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August 5, 2013. Upon looking at this post after a few years, I decided to add something: There's another way in which having cells helps organisms. It is related to something called the surface to volume ratio. What is that? Suppose you compare three pieces of jello -- each one containing the same amount of jello, in other words, the same volume. Further, for simplicity, suppose that the jello forms a cube, 4 units of length on a side. Inches, centimeters, pick your unit. OK. What's the surface area of such a piece of jello? It has six sides, and each side is 4 x 4 units squared in area. So, the total surface is 6 x 4 x 4 = 96 units squared. Now, lets take the second piece of jello. This time, we'll imagine that it is sliced across, such that there's a top half, and a bottom half. Then, we slice it again, twice, down from the top, at right angles, so that the piece of jello is now made of eight smaller cubes, each 2 x 2 x 2 units, four on top, four on the bottom. The volume remains the same. What's happened to the surface? The total surface is now the total of the surface of 8 cubes, each with 6 sides, each side 2 x 2, so that the total surface is 8 x 6 x 2 x 2, and the total surface is now 192 units squared.

Then, imagine that the third piece of jello is cut so that there are four layers of 16 small cubes, 1 unit on the side. The total surface will be 4 x 16 x 6 x 1 x 1 = 384 square units. The surface to volume ratio increases, as the object is divided into smaller subunits.

What's the point? The point is that, as a volume is divided into smaller and smaller subunits, the volume acquires more and more surface area. This is true whether the subunits are cubes, spheres, or of some other shape. If the volume is a living organism, that organism would have more surface, to absorb external material (such as Oxygen or water) and, also more surface area to expel unwanted wastes, if divided into cells.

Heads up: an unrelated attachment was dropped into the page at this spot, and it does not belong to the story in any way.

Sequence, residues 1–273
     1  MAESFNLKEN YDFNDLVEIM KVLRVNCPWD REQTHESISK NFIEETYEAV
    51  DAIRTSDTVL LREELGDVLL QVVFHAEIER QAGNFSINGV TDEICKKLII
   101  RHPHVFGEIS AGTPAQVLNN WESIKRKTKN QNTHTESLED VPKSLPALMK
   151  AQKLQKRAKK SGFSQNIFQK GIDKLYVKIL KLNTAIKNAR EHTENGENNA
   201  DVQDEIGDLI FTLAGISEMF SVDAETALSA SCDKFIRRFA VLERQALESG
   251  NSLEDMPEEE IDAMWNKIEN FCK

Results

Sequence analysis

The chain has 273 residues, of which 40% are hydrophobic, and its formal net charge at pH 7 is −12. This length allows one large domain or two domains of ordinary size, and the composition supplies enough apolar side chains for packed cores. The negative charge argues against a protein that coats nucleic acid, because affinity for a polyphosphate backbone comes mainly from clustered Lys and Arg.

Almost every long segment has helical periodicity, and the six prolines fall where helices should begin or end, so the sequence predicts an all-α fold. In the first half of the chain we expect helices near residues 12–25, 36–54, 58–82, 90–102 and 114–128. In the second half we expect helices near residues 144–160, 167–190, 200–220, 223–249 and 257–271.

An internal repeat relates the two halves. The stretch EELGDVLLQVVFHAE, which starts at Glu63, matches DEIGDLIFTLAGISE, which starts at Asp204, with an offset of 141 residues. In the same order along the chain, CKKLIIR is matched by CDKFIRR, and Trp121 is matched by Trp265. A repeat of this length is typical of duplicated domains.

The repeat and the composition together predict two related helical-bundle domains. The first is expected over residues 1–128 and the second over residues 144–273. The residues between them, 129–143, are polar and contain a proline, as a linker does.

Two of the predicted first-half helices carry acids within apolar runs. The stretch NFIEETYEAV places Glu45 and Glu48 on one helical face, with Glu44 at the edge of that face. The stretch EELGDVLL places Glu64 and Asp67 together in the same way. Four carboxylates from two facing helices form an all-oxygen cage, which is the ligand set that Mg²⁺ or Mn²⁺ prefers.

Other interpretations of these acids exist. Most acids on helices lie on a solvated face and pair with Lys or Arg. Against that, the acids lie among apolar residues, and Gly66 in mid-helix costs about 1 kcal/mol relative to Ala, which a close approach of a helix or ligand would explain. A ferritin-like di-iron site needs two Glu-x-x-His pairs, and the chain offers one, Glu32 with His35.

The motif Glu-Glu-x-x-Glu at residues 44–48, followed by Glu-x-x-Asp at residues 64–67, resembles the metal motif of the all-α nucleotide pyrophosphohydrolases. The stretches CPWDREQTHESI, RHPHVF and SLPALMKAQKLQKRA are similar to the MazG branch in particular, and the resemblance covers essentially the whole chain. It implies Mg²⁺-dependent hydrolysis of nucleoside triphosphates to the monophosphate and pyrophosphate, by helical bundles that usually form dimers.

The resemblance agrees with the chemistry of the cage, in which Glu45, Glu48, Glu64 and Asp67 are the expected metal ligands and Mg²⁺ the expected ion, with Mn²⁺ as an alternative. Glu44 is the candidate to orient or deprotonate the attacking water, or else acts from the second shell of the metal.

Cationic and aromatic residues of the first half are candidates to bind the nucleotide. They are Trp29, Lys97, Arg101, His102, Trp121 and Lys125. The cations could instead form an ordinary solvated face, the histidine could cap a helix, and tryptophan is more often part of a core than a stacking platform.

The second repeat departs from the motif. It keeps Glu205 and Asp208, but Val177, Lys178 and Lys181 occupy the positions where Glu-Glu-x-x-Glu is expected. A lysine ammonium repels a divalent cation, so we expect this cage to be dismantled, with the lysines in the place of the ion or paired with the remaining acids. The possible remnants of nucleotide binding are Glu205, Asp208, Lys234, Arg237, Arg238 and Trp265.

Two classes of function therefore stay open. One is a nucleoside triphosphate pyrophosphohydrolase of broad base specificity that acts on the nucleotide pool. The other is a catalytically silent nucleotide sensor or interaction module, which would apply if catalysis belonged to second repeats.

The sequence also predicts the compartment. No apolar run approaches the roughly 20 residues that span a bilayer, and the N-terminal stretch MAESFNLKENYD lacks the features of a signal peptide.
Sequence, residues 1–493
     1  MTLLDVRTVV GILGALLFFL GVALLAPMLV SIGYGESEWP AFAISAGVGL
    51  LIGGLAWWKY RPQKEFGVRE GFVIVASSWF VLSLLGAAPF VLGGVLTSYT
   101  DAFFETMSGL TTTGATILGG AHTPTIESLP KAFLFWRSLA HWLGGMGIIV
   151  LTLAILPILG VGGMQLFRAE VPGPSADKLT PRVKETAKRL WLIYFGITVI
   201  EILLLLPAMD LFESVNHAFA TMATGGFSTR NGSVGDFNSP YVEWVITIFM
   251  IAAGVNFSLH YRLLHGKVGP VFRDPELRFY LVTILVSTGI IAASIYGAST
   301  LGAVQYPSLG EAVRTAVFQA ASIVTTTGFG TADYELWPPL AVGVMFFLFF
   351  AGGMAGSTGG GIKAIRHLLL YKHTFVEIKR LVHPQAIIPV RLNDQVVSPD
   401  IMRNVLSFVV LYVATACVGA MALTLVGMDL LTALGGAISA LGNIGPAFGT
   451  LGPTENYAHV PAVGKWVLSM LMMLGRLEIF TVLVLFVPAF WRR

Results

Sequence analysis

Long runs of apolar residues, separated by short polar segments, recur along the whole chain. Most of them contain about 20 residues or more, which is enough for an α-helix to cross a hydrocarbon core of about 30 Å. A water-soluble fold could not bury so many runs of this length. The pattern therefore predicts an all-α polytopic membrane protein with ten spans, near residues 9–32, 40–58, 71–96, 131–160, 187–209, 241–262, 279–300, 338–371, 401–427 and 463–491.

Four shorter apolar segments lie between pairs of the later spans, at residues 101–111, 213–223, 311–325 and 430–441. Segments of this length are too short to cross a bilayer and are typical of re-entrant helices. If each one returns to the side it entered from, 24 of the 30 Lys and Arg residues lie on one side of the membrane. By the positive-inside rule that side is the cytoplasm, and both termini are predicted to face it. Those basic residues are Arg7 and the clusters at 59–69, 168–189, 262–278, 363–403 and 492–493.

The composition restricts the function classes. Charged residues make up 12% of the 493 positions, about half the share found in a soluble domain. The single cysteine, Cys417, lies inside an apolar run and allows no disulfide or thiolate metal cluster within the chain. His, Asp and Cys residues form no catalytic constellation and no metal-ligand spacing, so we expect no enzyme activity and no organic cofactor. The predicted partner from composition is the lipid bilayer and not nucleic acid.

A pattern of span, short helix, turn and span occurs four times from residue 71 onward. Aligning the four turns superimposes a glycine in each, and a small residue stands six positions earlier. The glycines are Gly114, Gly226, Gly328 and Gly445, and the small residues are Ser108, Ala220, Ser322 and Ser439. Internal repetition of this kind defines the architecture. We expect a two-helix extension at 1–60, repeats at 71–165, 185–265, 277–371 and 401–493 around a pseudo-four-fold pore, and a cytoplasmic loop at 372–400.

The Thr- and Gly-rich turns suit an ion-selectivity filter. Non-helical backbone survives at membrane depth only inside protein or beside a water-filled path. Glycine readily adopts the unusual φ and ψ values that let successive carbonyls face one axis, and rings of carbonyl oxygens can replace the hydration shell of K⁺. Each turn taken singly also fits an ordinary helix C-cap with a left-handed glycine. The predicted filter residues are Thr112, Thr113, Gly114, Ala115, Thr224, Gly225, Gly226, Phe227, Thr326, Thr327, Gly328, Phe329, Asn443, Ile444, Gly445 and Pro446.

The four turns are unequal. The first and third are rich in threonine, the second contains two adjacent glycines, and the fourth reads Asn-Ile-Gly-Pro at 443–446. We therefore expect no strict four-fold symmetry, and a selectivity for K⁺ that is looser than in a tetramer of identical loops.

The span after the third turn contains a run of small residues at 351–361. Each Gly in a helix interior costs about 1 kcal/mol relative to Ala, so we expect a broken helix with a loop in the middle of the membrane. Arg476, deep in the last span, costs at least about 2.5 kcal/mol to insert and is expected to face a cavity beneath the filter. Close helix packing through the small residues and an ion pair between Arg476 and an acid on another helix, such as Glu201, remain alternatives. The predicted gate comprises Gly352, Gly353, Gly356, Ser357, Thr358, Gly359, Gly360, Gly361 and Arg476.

As aside - I once saw a nestful of baby killdeers fall off a two-story building. Their parents had raised them from eggs on the roof. After a brief period of recovery, they ran off, unfazed. If I had fallen off, I wouldn't have been unfazed. An elephant would have likely have been more seriously injured. Why? At least partly because a small bird has more surface per volume than I do, hence, more air resistance. An elephant, or a whale, has even less external surface per volume.

Thanks for reading.

8 comments:

Anonymous said...

it sucks

Martin LaBar said...

I don't know how to respond to that, Anonymous. Sorry. Thanks for a comment.

Anonymous said...

nice job martin

u joocy cuzz

Martin LaBar said...

Thanks, Anonymous.

Anonymous said...

What's with the talk about religion? I thought this was a scientific website...

Martin LaBar said...

Thanks for your comment, Anonymous. It is a scientific web site, at least in part. (I also consider fantastic literature, Bible study, and other matters of interest to me, if not to anyone else.)

Like great scientists of the past (and present) such as Johannes Kepler (http://en.wikipedia.org/wiki/Johannes_Kepler#Mysterium_Cosmographicum), Robert Boyle, (http://en.wikipedia.org/wiki/Robert_Boyle#Theological_interests), Francis Collins (http://en.wikipedia.org/wiki/Francis_Collins#Christianity), and others, I believe that all the things scientists can study are present because of a Creator, who initially began the universe, probably with the Big Bang, or just before the Big Bang, and established it with the processes, laws and physical constants that scientists have been finding out about for centuries, and which processes, laws and constants make the earth a place where we can live. I am not, of course, in the same league as Kepler, Boyle and Collins.

Thanks again.

DA NA said...

well I like it, but Im not sure it helped me with my homework.

Martin LaBar said...

Sorry it didn't seem to help, but glad you liked it.

Thanks.